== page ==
Govt to appoint Swazi CJ
BY MBONGENI NDLELA
MBABANE – Government has assured that by next month, the Kingdom of Swaziland will have a Chief Justice (CJ) whose appointment will be in line with dictates of the national constitution.
The constitution stipulates that by July 26, 2012, at the latest, a Swazi should be holding the position of CJ.
Currently, Michael Ramod-ibedi, who was born in Lesotho, is the Chief Justice in Swaziland.
According to the constitution, seven years from its promulgation, the person occupying this position should be Swazi.
Lorraine Hlophe, secretary to the Judicial Service Commission says the commission is ready to announce the new Chief Justice.
Hlophe said the JSC was ready to comply with the constitution which dictated that a person who was not a citizen of Swaziland shall not be appointed as a justice of a superior court after seven years of the commencement of the constitution.
The country’s constitution came into force on July 26, 2005. It will be seven years old on the same date next month.
The appointment of a Swazi CJ and other judges would be in compliance with Section 157 of the constitution.
Interviewed on Thursday, Hlophe said the JSC would also make an announcement on the other judges.
"The JSC is ready and aware of the constitution. We are working to comply with the constitution clauses and we are adamant that soon, we will announce the new CJ and the judges," she said.
Asked to give the exact time frame, Hlophe said the JSC was hoping to make the announcement on the last day stipulated by the constitution.
This would be July 26, 2012.
She, however, asked not to divulge the names of possible candidates earmarked for the positions but stated that the JSC had made its consultation and has names.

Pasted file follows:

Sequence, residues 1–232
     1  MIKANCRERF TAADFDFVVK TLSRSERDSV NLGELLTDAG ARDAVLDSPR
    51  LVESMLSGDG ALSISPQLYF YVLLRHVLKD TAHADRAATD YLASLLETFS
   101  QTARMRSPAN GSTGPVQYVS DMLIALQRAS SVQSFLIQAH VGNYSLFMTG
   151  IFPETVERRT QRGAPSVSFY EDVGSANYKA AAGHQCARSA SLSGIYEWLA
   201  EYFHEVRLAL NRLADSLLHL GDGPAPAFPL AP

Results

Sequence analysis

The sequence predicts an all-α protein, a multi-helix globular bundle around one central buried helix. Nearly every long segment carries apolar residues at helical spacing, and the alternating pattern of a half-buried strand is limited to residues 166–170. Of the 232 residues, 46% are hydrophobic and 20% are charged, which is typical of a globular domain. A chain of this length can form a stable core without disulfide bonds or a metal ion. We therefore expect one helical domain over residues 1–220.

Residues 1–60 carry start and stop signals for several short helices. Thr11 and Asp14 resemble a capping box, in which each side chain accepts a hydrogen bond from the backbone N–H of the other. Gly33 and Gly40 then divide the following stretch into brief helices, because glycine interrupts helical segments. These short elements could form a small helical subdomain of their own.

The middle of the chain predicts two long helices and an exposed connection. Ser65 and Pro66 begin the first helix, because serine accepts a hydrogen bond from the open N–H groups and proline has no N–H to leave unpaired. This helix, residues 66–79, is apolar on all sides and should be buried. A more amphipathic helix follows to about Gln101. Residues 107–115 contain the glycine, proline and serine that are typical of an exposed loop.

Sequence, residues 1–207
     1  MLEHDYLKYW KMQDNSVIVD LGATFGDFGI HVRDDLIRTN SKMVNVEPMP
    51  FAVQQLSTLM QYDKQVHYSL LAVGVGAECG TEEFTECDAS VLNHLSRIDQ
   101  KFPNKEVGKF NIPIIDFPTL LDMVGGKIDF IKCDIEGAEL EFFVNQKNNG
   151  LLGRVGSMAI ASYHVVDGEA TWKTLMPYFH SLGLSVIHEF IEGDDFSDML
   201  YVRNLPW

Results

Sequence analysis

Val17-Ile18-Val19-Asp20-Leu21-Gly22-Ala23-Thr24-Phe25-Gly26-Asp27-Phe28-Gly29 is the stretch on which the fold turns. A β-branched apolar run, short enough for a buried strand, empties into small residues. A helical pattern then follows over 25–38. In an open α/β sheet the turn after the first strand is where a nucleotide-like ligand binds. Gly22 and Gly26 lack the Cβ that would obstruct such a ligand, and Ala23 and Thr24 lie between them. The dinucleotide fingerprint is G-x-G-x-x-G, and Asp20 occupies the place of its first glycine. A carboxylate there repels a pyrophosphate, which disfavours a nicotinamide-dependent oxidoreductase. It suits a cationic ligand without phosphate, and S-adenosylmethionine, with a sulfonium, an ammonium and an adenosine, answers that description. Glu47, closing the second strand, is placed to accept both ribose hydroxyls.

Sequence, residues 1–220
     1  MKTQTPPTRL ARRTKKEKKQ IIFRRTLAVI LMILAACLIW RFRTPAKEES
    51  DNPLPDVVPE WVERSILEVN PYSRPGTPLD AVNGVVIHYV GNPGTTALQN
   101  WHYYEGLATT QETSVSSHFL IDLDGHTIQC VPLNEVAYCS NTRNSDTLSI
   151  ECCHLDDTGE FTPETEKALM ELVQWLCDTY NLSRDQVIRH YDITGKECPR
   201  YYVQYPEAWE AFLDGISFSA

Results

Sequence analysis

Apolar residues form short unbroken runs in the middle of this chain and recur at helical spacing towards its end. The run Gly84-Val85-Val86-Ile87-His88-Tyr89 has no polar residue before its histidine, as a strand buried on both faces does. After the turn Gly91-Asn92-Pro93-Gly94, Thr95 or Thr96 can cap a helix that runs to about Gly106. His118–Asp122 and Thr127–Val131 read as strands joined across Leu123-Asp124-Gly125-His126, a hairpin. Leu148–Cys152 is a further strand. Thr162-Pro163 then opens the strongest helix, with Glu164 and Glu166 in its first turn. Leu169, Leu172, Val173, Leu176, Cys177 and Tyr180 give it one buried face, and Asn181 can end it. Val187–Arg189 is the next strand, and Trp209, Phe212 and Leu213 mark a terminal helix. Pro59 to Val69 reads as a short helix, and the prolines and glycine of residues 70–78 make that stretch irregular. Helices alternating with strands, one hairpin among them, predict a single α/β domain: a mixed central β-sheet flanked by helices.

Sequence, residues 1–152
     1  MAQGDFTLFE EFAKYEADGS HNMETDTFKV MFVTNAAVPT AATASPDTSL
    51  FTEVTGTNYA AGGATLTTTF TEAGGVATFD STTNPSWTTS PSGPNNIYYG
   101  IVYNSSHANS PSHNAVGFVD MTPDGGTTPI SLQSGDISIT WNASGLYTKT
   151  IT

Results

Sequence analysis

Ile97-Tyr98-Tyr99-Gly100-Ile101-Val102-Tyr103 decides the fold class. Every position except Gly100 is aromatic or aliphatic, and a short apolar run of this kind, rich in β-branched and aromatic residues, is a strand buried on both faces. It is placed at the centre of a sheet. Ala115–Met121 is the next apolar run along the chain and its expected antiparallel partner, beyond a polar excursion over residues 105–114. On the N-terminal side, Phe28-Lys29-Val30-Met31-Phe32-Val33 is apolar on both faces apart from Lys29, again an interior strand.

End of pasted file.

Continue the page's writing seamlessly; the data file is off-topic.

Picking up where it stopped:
Meanwhile, the sitting CJ asked not to comment on this issue.
He was contacted in his capacity as chairman of the JSC.
"I am in a meeting now. However, issues that have to do with appointment of judges can be communicated with the secretary of the JSC. Speak to Lorraine Hlophe," he said.
Chief Mgwagwa Gamedze, Minister of Justice and Constitutional Affairs, said his ministry would let the public know when a Swazi-born CJ had been appointed.
"It is clear who the appointing authority is," he said. "Once the appointing authority has appointed someone then as government we would alert the public. For now, we cannot bypass the appointing authority and start working on what the constitution says about the appointment of a Swazi CJ."
The minister said government was also aware of what the constitution says about the appointment.
On March 30, His Majesty the King extended Ramodibedi’s contract.
When announcing the extension three months ago, government spokesperson Percy Simelane said Ramodibedi had been given a conditional contract, as opposed to a fixed one.
Explaining the difference, Simelane said a fixed-term contract clearly specified when the contract would come to an end, which was not the last case in the contract given to Ramodibedi.
Simelane said when it was noted that his contract was coming to an end, it was decided that he be given an extended term which would come to an end immediately when a new and preferably local Chief Justice was appointed.
Meanwhile, Minister Chief Mgwagwa dismissed allegations that Ramodibedi had since been granted Swazi citizenship.
The Times SUNDAY asked the minister about this because it has been a long-standing rumour that Ramodibedi had applied for Swazi citizenship.
"I explained this when I was still the Minister of Home Affairs. There was no application or any approval of citizenship for the CJ. I can still say today that there is no such a thing. In fact, I don’t want to comment on a non-existing matter," he said.
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